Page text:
This invention relates to test apparatus for rotating electrical machinery, and more specifically to apparatus for testing automotive alternators and starters.

In automotive maintenance, mechanics are generally capable of isolating a fault to a particular sub-system of the automobile, such as the charging circuit or the starting circuit, but many times are not able to isolate it to a single faulty component in the affected circuit. As a result, the mechanic often makes a reasoned judgment as to the faulty component, and simply replaces that component with a new or rebuilt unit to see if the fault is cured. Such an approach does not always meet with immediate success. Because of the relatively high cost of alternators and starters, the need exists for independently testing these units before replacing them as faulty.

Automotive repair centers very often ship faulty starters and generators to an outside vendor for rewinding and/or reconditioning, and use these reconditioned units for subsequent replacement. Because the units are relatively heavy, the need exists for pretesting the units to assure that they are faulty before shipping them out for reconditioning. Before rebuilding the unit, it would also be advantageous for the reconditioning plant to test the unit to assure that it is faulty before rebuilding or rewinding same. Additionally, as a means of quality control, the unit should be tested before reshipment or installation to assure that it is operational.

In short, major benefits would be achieved if it were possible to quickly and efficiently test the electrical and mechanical condition of suspect alternators or starters in a manner which would allow the result of the test to be understood by a class of mechanics ranging from highly skilled to relatively unskilled.

Accordingly, it is a general aim of the present invention to provide apparatus for individually testing motor vehicle alternators and starters to provide an easily understood indication of their electrical and mechanical condition, and to allow the test to be performed quickly and efficiently. An object, according to the present invention, is to provide such an apparatus having fixtures for securing the units to be tested, manually operable to receive a unit for test with minimum effort, adequately lock it in position during the test, and efficiently release it at the termination of the test.

According to one aspect of the invention, it is an object to provide a single tester capable of testing both starters and alternators, and having interlocking means in the electrical circuitry for allowing only one such test to be performed at any time. Because the starter test requires use of an automotive battery, it is a subsidiary object to provide a third condition for the electrical circuitry for charging the battery when the tester is not otherwise in use.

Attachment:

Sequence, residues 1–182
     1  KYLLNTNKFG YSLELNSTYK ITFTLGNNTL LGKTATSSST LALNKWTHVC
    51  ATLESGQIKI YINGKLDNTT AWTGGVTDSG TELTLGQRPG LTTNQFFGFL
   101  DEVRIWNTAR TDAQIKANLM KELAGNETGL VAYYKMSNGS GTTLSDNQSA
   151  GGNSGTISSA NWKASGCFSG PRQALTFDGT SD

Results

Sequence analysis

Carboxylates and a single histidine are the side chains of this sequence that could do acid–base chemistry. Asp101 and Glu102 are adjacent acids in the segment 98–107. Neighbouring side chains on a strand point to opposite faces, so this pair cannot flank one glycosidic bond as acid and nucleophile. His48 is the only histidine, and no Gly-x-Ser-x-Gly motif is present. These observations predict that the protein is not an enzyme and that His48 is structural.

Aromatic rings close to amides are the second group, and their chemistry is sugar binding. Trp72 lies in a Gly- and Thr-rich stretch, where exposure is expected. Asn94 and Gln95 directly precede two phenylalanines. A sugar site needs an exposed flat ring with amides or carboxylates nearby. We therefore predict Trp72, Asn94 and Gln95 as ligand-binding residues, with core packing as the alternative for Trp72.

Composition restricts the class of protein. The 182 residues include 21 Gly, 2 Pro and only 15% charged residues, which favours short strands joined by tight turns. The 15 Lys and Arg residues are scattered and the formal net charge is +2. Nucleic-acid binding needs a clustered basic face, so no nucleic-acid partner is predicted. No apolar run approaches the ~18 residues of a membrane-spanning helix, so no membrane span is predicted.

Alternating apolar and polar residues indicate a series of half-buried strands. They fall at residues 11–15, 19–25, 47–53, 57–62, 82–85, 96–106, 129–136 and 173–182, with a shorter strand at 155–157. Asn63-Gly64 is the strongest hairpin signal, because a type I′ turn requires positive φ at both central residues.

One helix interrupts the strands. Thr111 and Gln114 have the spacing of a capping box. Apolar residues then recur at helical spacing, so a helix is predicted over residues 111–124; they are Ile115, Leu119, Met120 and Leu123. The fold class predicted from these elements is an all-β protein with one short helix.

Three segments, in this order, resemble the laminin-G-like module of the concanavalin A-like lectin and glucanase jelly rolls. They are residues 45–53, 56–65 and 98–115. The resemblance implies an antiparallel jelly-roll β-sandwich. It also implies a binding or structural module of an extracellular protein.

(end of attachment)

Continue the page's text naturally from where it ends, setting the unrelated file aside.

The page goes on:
These and other objects will become apparent from the following description when taken in conjunction with the drawings in which:

FIG. 1 is a perspective view showing test apparatus according to the present invention with a starter and a generator in position for test;

FIG. 2 is an end elevation of the apparatus of FIG. 1 with the starter and generator removed;

FIG. 3 is a sectional view taken along the lines 3--3 of FIG. 2;

FIG. 4 is a fragmentary front elevation on an enlarged scale taken along the lines 4--4 of FIG. 2; and

FIG. 5 is a schematic diagram showing one embodiment of an electrical circuit for the test apparatus of FIG. 1.

While the invention will be described in connection with a preferred embodiment, there is no intent to limit it to that embodiment. On the contrary, the intent is to cover all alternatives, modifications and equivalents included within the spirit and scope of the invention as defined by the appended claims.

Turning now to the drawings FIGS. 1-4 show the configuration of testing apparatus for rotating electrical machinery as used in automobiles, trucks, and the like. The rotating machinery of concern is specifically alternators and starters, the test apparatus being capable of efficiently mounting such machinery in test position, and performing a thorough test to provide an easily understandable indication of the operating condition of the machinery.